24 25 26 27 23

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(See Defendants’ MSJ at 5-8.) (See Clark Depo. at 98:18-99:25.) See 15 U.S.C. § 7702(9). (See, e.g., Defendants’ MSJ at 7.) 11

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users may be viewed as initiators of the e-mails because of their participation in the Launch Promotion, Defendants are nonetheless also initiators as a matter of law because of their procurement of user participation.28 Accordingly, the Court finds that Defendants did initiate the e-mails at issue within the meaning of the CAN-SPAM Act. b. Whether the E-mails Are Misleading

At issue is whether the e-mails sent as a result of the Launch Promotion contain header information that is false or misleading. The CAN-SPAM Act defines header information as “the source, destination, and routing information attached to an electronic mail message, including the originating domain name and originating electronic mail address, and any other information that appears in the line identifying, or purporting to identify, a person initiating the message.” 15 U.S.C. § 7702(8). The Act further provides that “header information shall be considered materially misleading if it fails to identify accurately a protected computer used to initiate the message because the person initiating the message knowingly uses another protected computer to relay or retransmit the message for purposes of disguising its origin.” Id. § 7704(a)(1)(C). A false or misleading statement is considered material if “the alteration or concealment of header information” would impair the ability of an IAS provider or a recipient to “identify, locate, or respond to a person who initiated the electronic mail message.” Id. § 7704(a)(6). Here, for the reasons discussed above, Defendants were initiators of the e-mail messages at issue. But because Defendants’ program caused Facebook servers to automatically send the e-mails, these e-mails contained an “@facebookmail.com” address.29 These e-mails did not contain any return address, or any address anywhere in the e-mail, that would allow a recipient to respond to

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28 29

See 15 U.S.C. § 7702(12). (FAC ¶¶ 68-69; Answer ¶¶ 68-69.) 12

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Defendants.30 Thus, as the header information does not accurately identify the party that actually initiated the e-mail within the meaning of the Act, the Court finds that the header information is materially misleading as to who initiated the e-mail. Defendants contend that even if the Court finds that they did initiate the e-mails at issue, they cannot be held liable for violations of the CAN-SPAM Act on the grounds that: (1) the text of the emails itself includes information about Power.com; and (2) Defendants had no control over the headers of the e-mails.31 The Court finds that both of these contentions are unavailing. First, the presence of a misleading header in an e-mail is, in and of itself, a violation of the CAN-SPAM Act, insofar as the Act prohibits the use of misleading header information.32 Thus, the fact that the text of the e-mails at issue may have included information about Power.com is irrelevant, for purposes of liability under the Act. Second, the question of whether Defendants had control over the headers is also irrelevant. In particular, the Court finds that the fact that Defendants used a program that was created and controlled by another to send e-mails with misleading headers does not absolve them of liability for sending those e-mails.33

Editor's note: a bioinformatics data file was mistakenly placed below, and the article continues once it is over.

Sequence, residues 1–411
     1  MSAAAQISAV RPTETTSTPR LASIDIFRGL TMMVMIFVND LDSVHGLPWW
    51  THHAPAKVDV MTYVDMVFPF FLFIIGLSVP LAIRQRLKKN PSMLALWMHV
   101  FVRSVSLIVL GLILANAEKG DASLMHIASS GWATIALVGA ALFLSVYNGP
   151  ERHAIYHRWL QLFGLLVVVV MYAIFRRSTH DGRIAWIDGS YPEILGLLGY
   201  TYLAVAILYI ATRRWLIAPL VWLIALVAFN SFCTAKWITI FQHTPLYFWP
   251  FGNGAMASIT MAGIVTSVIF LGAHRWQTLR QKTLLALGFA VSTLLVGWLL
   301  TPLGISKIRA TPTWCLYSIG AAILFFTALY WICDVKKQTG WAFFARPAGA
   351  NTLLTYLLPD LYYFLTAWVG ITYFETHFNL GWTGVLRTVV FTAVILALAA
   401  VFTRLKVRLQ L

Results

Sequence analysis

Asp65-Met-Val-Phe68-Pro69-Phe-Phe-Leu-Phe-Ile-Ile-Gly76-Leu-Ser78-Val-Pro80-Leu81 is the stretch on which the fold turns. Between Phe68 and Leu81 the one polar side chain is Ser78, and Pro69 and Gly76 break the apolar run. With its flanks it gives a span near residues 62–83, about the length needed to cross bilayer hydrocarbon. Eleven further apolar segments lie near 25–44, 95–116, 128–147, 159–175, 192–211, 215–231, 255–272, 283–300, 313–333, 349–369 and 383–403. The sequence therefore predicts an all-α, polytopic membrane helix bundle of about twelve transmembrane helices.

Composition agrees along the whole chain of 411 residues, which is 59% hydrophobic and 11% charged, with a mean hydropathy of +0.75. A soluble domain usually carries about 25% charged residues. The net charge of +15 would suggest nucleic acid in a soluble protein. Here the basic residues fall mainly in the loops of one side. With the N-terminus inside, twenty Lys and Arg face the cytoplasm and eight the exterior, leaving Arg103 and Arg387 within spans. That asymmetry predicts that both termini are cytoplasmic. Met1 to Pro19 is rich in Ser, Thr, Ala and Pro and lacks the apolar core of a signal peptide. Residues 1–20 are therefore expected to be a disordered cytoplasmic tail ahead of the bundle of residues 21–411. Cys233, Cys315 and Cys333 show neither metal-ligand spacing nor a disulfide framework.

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(Declaration of Theresa Sutton in Support of Plaintiff Facebook, Inc.’s Opposition to Defendants’ Motion for Summary Judgment, hereafter, “Sutton Decl.,” Ex. 4, Defendant Power Ventures, Inc.’s Responses to Facebook, Inc.’s First Set of Requests for Admissions at No. 50, hereafter, “Defendants’ Admissions,” Docket Item No. 241-3.) (Defendant’s Motion at 14.) The latter argument was also made by Amicus Curiae Electronic Frontier Foundation (“EFF”), which contends that because the Facebook system autogenerates the header information provided in the e-mails, commercial users should not be held responsible for their content. (See Brief of Amicus Curiae Electronic Frontier Foundation in Support of Defendant Power Ventures’ Motion for Summary Judgment on Count 1 (CAN-SPAM Act, 15 U.S.C. § 7704) and Under California Penal Code § 502 and the Computer Fraud and Abuse Act at 18-19, hereafter, “EFF Brief,” Docket Item No. 206-2.)